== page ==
“Then he went to SEA where he got better QB play with a… less than stellar o-line.”

            I guess this is what you refer to? In Buffalo Lynch’s QBs were no good, when he went to SEA halfway through 2010 from then on his QB play has been better generally. I guess the more confusing part was likely when describing AP I said

            “better o-line and QB play until the last few years”

            Somehow I viewed since halfway through 2010 as the last few years, but I was generalizing since those 2 years were fuzzy since Matt Hasselbeck, Charlie Whithurst and Tarvaris Jackson (on SEA) were not good, but those were the bad Brett Favre and early Christian Ponder years so SEA still better, and since 2012 with Russell Wilson no doubt SEA has been better. Jackson starting with Minnesota never overlapped Russell Wilson starts so not sure when exactly you’re referring to with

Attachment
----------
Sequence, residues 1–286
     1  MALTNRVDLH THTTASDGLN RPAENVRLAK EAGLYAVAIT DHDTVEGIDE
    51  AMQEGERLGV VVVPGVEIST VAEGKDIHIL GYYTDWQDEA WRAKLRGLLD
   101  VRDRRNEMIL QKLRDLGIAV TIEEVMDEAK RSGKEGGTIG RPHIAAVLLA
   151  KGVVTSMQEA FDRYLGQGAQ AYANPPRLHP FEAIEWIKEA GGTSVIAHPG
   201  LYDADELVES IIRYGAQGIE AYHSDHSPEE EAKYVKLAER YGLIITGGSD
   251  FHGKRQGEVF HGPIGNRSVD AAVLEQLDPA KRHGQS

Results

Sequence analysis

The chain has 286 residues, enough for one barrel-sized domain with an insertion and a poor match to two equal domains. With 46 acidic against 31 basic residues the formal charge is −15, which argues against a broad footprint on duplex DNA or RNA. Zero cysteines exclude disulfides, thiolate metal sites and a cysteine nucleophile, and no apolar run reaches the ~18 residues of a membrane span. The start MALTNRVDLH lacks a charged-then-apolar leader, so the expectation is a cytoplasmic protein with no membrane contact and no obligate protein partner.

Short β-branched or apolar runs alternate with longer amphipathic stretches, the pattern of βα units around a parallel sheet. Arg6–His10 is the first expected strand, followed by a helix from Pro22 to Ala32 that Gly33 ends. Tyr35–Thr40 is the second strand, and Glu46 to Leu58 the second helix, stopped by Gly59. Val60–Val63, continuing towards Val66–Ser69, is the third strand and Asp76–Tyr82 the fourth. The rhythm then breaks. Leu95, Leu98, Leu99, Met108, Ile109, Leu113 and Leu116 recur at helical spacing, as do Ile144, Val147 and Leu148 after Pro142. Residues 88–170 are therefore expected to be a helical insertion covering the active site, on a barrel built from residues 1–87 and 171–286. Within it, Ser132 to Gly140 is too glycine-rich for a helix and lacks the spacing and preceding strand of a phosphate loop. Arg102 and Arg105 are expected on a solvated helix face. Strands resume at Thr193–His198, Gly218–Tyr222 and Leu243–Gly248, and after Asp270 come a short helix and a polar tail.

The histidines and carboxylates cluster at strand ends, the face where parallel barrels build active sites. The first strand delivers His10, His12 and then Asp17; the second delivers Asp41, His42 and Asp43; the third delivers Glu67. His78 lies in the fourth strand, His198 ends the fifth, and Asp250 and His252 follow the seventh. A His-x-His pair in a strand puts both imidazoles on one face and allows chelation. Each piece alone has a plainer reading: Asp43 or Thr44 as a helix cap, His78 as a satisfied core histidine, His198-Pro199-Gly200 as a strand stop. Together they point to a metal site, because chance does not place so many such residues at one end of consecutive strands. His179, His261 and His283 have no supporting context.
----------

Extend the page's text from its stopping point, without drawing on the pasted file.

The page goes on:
“You consider Tarvaris Jackson and Christian Ponder to be better QB play than Russel Wilson?”

      • Clark G.

        How the hell is Christain Ponder, Josh Freeman, Tavaris Jackson, Joe Webb good quarterback play?, Lynch was never as good never had as many yards had less TDs never won a major award and isn’t a first ballot Hall of Famer

      • Stan L.

        Haha a much better o line have u ever actually seen a Vikes game out o line has been awful for years

  • Malachi

    12 players on defense, again. how convenient, again.

  • Malachi

    2005 champ bailey is pissed he can’t count towards this list, lol. still would like to know if 2009 revis was better than ’05/’06 bailey

  • DirtyPete_5

    You cannot tell me that Eric Weddle and Devin McCourty are better than Brian Dawkins. Just bc McCourty has more rings doesn’t make him a better player

    • SeattleSteve

      Dawkins was a good hitter and nothing more, once the rules allowed Wideouts to cross over the middle – it was game over, the guy sucked in coverage.

      • Patrick